ICJ, in this provisional ruling, did not rule on the merits of the case. And that is something that they are certainly stressing right now.

As it relates to the provisional measures, I mean, if you look at them, there are about six different orders that the ICJ has outlined here in

terms of steps that Israel needs to take. The sixth step, of course, is that report ordering Israel to commission -- to submit a report to the

court within a month as it relates to measures one-through-five. I think if you look at those measures, Israel is going to argue that it's already

doing four out of the five.

They are going to argue that they are already taking measures to prevent the commission of acts of genocide, they are going to argue that they're

already ensuring that their forces don't commit these acts. And they are already arguing that they are providing humanitarian aid. I think the one

measure out of those five that Israel has not shown any intent to act on it, and the question will be whether or not they do act on this, is as it

relates to public incitement to genocide, because we have seen a number of members of Israel's government make very inflammatory comments as it

relates to Palestinians.

A few of those comments were read by the Judge on the Court today who was reading that ruling. But the order here from this Court says, to take

measures to prevent and punish direct and public incitement to commit genocide. And that's not something Israel has addressed so far. And so, it

will be interesting to see, whether or not, in the next month, they take any steps at all to address those kinds of comments by Israeli government


GIOKOS: David, you know, in terms of what we heard from the Foreign Affairs Minister, Naledi Pandor, she really, you know, was basically framing this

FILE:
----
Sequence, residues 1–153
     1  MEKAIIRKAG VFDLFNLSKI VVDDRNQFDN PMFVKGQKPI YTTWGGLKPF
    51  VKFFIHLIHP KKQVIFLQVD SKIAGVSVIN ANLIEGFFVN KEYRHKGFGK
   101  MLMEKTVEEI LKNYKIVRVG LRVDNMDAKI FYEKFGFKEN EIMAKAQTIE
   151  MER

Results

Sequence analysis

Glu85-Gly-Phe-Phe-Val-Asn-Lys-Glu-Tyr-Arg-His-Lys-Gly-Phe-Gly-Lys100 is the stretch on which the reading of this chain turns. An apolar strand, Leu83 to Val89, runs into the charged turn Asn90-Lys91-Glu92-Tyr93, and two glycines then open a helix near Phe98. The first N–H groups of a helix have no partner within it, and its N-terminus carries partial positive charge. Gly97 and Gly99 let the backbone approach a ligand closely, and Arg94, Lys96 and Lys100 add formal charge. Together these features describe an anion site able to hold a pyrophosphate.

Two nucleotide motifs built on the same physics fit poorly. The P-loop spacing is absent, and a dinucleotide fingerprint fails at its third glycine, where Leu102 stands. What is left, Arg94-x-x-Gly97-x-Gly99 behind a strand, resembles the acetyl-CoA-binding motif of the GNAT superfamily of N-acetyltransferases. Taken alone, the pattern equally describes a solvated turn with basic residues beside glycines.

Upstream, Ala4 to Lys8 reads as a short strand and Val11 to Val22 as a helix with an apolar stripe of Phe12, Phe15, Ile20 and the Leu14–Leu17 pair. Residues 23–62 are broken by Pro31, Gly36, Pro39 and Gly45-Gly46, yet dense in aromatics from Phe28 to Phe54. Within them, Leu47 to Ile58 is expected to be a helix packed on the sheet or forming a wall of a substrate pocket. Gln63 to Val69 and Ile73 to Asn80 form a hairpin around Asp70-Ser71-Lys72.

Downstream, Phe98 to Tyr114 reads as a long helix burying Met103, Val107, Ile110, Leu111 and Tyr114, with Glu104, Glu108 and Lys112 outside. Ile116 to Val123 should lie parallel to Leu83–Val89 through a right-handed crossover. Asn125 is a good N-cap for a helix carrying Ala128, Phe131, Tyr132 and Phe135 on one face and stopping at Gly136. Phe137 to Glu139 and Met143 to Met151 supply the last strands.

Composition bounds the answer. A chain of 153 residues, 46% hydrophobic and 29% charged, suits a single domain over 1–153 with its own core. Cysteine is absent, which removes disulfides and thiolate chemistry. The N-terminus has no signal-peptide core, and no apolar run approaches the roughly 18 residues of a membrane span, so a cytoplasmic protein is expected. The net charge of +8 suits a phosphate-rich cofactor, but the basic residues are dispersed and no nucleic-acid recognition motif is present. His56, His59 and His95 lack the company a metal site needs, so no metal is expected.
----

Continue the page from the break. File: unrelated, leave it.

as ruling in favor of what South Africa had wanted. She didn't use the word disappointment because ceasefire wasn't bought in to this interim verdict.

But she seemed very content with what did come out. And again, talking about the international community that will have to apply pressure for

Israel to make good on what the ICJ is now requesting, and of course, legally binding.

MCKENZIE: It is legally binding, but as we've been reporting, it's not enforceable. So, it's really the ball is in Israel's court of how they

respond to the ICJ's ruling today. There will be increasing pressure on Israel to try and change the way it's conducting that war. And as our

colleagues in Washington have already been reporting, the U.S. administration of Biden has been trying to sway Israel into some kind of

better situation for the Palestinian people as this war drags on. I think from the South African perspective, it's an important moment. South Africa

wants to show that it has a role on the world stage in pushing what it calls multilateralism.

You know, I really want to reiterate that there is a disappointment within the global south communities developing nations, that bodies like the UN

Security Council, are ineffective in trying to sway the way that the world deals with these kind of conflicts because of the veto power of countries

like the U.S., China and Russia. This has been an explicit move by South Africa to go somewhere other than the UN General Assembly or the Security

Council, to try and push for a better scenario for the Palestinian people, of which they've had a long affinity to. Again, it depends on how Israel

responds to this, but this is an ongoing matter that South African lawyers will be involved in, and now that they've had a victory of sorts in this

initial phase, they could be expecting more support from other parts of the world.